Wed, 04/19/2017 - 16:38
pCustom form with CRUD Operations is basically building the form with different fields like UID, Name, Mobile Number, Address, Email id etc. The CRUD operations for these fields is Deleting the value of the fields from the database or updating the existing value with new value, and printing the updated value. /p h3How To Create a Custom form with CRUD Operations?/h3 pTo create a a href=http://valuebound.com/resources/blog/step-by-step-method-to-create-a-custom-form-in-drupal-8custom form/a with CRUD Operations, we need to follow the following folder structure as shown in the image. To perform the same operation of crud in drupal we need to follow the following folder structure./p p…/p

Chromatic: Chromatic at DrupalCon Baltimore

Wed, 04/19/2017 - 15:00
img src=http://chromatichq.com/sites/default/files/social-media/articles/article-chromatic-drupalcon-baltimore.jpg /pAll the ways Chromatic will be representing at DrupalCon Baltimore next week./p

Dave Hall Consulting: Drupal, We Need To Talk

Wed, 04/19/2017 - 14:00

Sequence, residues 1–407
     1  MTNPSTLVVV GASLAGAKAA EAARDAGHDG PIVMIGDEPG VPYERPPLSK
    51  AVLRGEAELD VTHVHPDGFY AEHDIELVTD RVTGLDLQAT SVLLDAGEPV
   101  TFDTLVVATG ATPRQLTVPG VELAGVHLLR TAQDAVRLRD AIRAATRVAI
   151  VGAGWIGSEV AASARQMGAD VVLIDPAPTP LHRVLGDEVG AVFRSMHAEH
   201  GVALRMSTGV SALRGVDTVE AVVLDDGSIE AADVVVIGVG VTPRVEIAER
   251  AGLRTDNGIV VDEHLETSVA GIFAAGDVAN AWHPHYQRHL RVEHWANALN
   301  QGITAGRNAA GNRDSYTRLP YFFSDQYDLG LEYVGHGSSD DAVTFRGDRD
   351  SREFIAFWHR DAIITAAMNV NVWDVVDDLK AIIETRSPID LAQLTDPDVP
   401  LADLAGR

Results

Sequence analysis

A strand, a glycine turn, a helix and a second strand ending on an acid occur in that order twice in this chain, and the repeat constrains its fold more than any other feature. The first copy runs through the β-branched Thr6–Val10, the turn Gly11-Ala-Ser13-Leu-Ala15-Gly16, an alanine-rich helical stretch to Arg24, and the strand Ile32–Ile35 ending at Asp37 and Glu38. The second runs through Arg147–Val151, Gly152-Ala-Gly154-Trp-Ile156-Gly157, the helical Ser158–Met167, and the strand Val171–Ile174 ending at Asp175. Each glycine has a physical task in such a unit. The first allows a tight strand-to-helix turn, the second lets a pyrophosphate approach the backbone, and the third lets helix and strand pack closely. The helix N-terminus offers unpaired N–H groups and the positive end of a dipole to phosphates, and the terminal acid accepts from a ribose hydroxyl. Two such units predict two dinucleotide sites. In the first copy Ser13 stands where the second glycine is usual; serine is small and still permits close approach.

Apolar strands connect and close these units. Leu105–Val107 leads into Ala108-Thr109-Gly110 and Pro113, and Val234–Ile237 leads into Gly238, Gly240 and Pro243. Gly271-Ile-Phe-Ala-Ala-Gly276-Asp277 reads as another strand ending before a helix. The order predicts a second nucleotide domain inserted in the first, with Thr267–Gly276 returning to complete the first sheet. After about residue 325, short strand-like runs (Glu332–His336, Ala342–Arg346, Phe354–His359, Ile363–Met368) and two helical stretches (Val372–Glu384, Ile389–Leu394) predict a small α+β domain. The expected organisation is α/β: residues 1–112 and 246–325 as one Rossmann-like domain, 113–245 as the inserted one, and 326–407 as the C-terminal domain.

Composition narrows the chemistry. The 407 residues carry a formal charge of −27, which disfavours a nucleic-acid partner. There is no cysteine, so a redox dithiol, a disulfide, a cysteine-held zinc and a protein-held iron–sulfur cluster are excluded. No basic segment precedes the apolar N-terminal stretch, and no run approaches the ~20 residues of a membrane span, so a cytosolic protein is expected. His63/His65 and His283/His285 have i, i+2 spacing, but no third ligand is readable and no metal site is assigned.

pDrupal has a problem. No, a href=https://www.garfieldtech.com/blog/tmi-outing rel=nofollownot/a a href=http://buytaert.net/living-our-values rel=nofollowthat/a aproblem/a./p pWe live in a post peak Drupal world. Drupal peaked some time during the Drupal 8 development cycle. I’ve had conversations with quite a few people who feel that we’ve lost momentum. a href=https://www.drupal.org/association/drupalcon/locations rel=nofollowDrupalCon attendances peaked in 2014/a, a href=https://trends.google.com/trends/explore?date=allamp;q=drupal rel=nofollowGoogle search impressions haven’t returned to their 2009 level/a, a href=https://www.drupal.org/project/usage/drupal rel=nofollowcore downloads have trended down since 2015/a. We need to accept this and talk about what it means for the future of Drupal./p pTechnically Drupal 8 is impressive. Unfortunately the uptake has been very slow. A factor in this slow uptake is that from a developer's perspective, Drupal 8 is a new application. The upgrade path from Drupal 7 to 8 is another factor./p pIn the five years Drupal 8 was being developed there was a fundamental shift in software architecture. During this time we witnessed the rise of microservices. Drupal is a monolithic application that tries to do everything. Don't worry this isn't trying to rekindle the a href=https://developmentseed.org/blog/2009/oct/28/smallcore-manifesto-help-us-build-better-teddy-bear/ rel=nofollowsmallcore debate from last decade/a./p pToday it is more common to see an application that is built using a handful of Laravel micro services, a couple of golang services and one built with nodejs. These applications often have multiple frontends; web (react, vuejs etc), mobile apps and an API. This is more effort to build out, but it likely to be less effort maintaining it long term./p pI have heard so many excuses for why Drupal 8 adoption is so slow. After a year I think it is safe to say the community is in denial. Drupal 8 won't be as popular as D7./p pWhy isn't this being talked about publicly? Is it because there is a commercial interest in perpetuating the myth? Are the businesses built on offering Drupal services worried about scaring away customers? Adobe, Sitecore and others would point to such blog posts to attack Drupal. Sure, admitting we have a problem could cause some short term pain. But if we don't have the conversation we will go the way of Joomla; an irrelevant product that continues its slow decline./p pDrupal needs to decide what is its future. The community is full of smart people, we should be talking about the future. This needs to be a public conversation, not something that is discussed in small groups in dark corners./p pI don't think we will ever see Drupal become a collection of microservices, but I do think we need to become more modular. It is time for Drupal to pivot. I think we need to cut features and decouple the components. I think it is time for us to get back to our roots, but modernise at the same time./p pDrupal has always been a content management system. It does not need to be a content delivery system. This goes beyond Decoupled (Headless) Drupal. Drupal should become a content hub with pluggable workflows for creating and managing that content./p pWe should adopt the unix approach, do one thing and do it well. This approach would allow Drupal to be just another service that compliments the application. /ppWhat do you think is needed to arrest the decline of Drupal? What should Drupal 9 look like? Let's have the conversation./p